Saturday, October 16, 2010

The Kind of Face You SLASH!!! - Day 16: Love of Cruelty

Well, the time has come for me to once again take the easy route and delve into the world of the short short story (seriously, is there no other name for this form?). As is my habit, I grab a handful of these things, read them, and do a usually not-literally bullet point run down of them. The last two years of The Kind of Face You SLASH!!! have been slightly hampered in this regard, from my point of view, by the fact that I have two big collections of these kinds of stories, but for the longest time could only find one, 100 Hair-Raising Little Horror Stories, edited by Al Sarrantonio and Martin H. Greenberg. Well, in the time between last Oct. 31 and today, I found the other one, called 100 Creepy Little Creature Stories, edited by Robert Weinberg, Stefan Dziemianowicz and, yes, Martin H. Greenberg. I'm trilled, I must say, because not only do I have a new pool from which to draw, but these ones are about creatures.

I'll begin with the least of the bunch, "The Gargoyle Sacrifice" by Tina L. Jens. It's about a 14-year-old Goth girl named Marissa, whose 18-year-old boyfriend Rudy has pressured her to get her nipples pierced, and in the skeevy tattoo/piercing parlor and occult store where they've gone to have this done, Marissa finds her eye caught by clunky-sounding gargoyle necklace, the ruby stone prominently featured therein being "the size of the lenses in her Lennon glasses." It was right about here that I said "Oh, Jesus", and I was right to do so. Jens piles on the terrestrial horrors for Marissa to endure, before bringing in the dull otherworldly version. The shrug-inducing nature of "The Gargoyle Sacrifice" is highlighted by the big payoff at the end, in which a character we've never met and know very little about meets with a demon or Satan, and we find out why what just happened just happened. What's so goofy and anti-climactic about this scene is that the guy talking to the demon says "There, I've done this terrible thing a whole bunch of times, so that should cover my end of the deal," and the demon says "No, you haven't done it have to do it seven more times!!!" And that's it. The number seven, as opposed to eight, or six, is ,I suppose, meant to add that last little chill.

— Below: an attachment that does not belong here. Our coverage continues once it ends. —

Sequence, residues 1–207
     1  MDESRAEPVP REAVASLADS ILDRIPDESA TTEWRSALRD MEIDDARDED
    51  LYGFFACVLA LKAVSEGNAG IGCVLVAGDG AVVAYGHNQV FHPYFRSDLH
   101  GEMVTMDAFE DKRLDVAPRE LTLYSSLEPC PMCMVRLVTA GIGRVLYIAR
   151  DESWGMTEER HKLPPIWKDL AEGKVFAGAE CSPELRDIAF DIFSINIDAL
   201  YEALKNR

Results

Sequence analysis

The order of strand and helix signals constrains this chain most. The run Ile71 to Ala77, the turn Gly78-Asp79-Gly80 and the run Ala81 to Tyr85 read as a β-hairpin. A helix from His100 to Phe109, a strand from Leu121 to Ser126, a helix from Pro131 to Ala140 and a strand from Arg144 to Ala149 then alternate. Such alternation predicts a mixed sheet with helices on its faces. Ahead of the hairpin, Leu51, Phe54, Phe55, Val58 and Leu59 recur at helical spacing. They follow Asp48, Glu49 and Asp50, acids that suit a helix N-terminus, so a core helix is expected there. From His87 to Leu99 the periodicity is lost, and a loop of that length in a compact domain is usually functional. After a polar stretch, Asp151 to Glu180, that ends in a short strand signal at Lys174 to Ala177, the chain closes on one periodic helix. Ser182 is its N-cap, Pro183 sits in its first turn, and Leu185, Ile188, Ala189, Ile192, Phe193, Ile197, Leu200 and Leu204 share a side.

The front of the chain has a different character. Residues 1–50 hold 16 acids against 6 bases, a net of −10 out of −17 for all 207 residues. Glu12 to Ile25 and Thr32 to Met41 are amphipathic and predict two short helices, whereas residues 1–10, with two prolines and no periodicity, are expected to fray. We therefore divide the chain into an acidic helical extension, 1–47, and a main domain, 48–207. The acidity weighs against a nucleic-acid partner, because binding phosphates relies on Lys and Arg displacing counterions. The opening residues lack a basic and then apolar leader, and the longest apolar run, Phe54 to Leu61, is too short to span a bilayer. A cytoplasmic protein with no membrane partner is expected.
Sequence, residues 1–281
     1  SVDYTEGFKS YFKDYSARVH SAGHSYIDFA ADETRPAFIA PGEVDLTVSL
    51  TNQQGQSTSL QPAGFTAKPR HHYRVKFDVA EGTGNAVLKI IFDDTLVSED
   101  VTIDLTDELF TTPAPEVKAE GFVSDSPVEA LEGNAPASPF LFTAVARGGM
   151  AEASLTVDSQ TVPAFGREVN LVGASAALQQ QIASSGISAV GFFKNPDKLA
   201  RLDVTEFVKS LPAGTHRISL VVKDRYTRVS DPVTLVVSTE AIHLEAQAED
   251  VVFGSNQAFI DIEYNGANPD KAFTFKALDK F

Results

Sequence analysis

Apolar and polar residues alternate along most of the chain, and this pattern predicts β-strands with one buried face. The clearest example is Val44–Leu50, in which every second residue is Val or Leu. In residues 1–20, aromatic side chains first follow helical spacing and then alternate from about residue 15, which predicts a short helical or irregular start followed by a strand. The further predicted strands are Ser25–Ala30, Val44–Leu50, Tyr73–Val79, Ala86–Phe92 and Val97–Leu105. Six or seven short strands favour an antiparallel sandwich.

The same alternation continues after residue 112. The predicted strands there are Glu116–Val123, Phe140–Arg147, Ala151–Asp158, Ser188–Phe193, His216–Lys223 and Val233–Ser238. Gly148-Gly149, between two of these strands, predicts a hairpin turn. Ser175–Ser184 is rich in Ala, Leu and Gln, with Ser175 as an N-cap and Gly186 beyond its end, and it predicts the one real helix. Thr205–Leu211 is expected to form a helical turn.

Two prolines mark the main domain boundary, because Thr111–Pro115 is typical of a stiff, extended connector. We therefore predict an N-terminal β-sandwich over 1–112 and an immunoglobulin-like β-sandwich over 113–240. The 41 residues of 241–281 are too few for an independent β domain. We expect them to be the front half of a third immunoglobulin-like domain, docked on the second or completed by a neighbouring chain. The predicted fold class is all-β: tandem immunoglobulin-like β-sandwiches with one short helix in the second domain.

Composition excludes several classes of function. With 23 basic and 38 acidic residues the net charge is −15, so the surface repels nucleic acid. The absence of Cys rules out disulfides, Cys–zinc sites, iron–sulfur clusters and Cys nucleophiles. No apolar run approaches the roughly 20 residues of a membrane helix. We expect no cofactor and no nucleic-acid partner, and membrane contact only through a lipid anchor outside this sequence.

"The Gargoyle Sacrifice" highlights the dangers of the short short story by showing that the unusually abbreviated length is not always the result of having a particular idea that suits the form, or the wish to play with said form, but of having not much of an idea and not developing it enough to reach past three or four pages. Two stories that have a better grasp of the form are "Dark Brother" by Donald R. Bruleson and "The Feather Pillow" by Horacio Quiroga. The brevity of "Dark Brother" is justified in part by the fact that it's told from the point of view of a family cat. I most disdainful family cat, who is aware, while its lumpish owners are not, that a malicious spirit lurks within their home. The cat revels in the spirit's torment of the man and woman who foolishly believe they own their house, and "Dark Brother" chronicles the cat's truncated view of the proceedings. The story goes where you'd think, with no surprises, but the fate of the couple is describe with a disturbing restraint, and a lack of empathy, that is very effective: